Anyone Can Lobby
November 18, 2017
In early November, NETWORK Lobby headed to the Ignatian Family Teach-In for Justice (IFTJ) for a few days of presenting, learning, and networking. As a graduate of a Jesuit university, it was heartening to see so many young people excited about social justice and willing to consider how their values influence politics. To begin the weekend, my colleague, Jeremiah, and I gave a “How to Lobby” presentation to prepare the students for their day advocating on Capitol Hill — the culmination of the IFTJ weekend.
One of my favorite parts of the presentation was when Jeremiah asked who had lobbied before and only a few students in a room of over one hundred people raised their hands. After a few moments, Jeremiah asked again and this time noted that signing on online petition, calling a Member of Congress or tweeting with a political hashtag were forms of lobbying; suddenly every hand in the room was up. At times it can feel like the political process is hard to navigate or so abstract it’s impossible to engage in it, especially as a young person who is not able to vote yet. But it is important to remember that every constituent has personal power in their own voice. It was enlivening to demystify what it means to be politically active through our presentation.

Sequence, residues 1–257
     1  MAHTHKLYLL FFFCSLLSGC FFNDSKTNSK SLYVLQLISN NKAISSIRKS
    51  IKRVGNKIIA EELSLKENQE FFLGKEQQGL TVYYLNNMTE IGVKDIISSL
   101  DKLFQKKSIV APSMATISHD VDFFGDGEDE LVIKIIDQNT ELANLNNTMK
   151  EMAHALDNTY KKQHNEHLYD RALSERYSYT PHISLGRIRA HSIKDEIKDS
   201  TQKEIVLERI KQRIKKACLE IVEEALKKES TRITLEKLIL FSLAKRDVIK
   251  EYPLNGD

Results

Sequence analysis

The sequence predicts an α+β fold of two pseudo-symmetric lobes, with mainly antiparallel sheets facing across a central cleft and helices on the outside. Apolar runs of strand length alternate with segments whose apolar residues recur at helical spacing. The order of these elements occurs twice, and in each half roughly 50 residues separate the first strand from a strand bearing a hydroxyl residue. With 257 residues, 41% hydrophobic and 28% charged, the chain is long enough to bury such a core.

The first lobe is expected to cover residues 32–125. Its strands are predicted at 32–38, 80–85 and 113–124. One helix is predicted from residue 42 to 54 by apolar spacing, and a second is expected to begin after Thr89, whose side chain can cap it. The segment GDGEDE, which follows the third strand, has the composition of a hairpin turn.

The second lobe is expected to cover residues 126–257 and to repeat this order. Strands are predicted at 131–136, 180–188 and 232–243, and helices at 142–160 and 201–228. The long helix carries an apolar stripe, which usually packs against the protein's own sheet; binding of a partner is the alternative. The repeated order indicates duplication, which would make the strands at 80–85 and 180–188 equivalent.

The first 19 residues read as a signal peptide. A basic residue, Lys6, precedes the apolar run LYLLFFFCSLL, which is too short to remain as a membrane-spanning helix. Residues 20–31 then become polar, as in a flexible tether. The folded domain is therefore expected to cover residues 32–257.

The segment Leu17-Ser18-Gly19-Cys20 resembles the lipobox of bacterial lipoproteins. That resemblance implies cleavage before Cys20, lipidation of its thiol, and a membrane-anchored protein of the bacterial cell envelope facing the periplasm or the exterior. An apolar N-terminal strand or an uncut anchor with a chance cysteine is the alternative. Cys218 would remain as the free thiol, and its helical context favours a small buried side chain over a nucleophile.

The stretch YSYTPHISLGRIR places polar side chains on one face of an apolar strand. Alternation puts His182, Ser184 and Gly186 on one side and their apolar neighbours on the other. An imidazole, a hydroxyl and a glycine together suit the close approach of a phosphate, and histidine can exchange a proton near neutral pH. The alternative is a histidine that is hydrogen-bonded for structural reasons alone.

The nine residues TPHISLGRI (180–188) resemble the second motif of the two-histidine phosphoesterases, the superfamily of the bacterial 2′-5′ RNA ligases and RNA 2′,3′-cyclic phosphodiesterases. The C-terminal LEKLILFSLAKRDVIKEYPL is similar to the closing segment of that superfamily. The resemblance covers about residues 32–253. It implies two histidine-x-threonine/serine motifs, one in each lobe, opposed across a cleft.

A few of us on the Grassroots Mobilization team at NETWORK had the chance to meet the renowned organizer Heather Booth. When she was asked what it took to be an organizer or make any kind of political change she said, “You just have to love people and hate injustice.” Using Heather Booth’s qualifications, every student at IFTJ and each member of NETWORK’s spirit-filled network has what it takes to enact real change.
As Jeremiah told the students at IFTJ, there are many ways to lobby for justice. If you’re busy working full time or have other responsibilities, it may be most convenient for you to lobby your elected officials by making phone calls. When you call, we recommend mentioning a brief personal reason for why you support or oppose a bill (see more tips here for using email, social media, or for an in-person lobby visit ). Find out how contacting your Member of Congress, using social media and writing letters to the editor are great ways to advocate for social change. Email firstname.lastname@example.org with any questions, comments, or to report back on how your lobbying goes!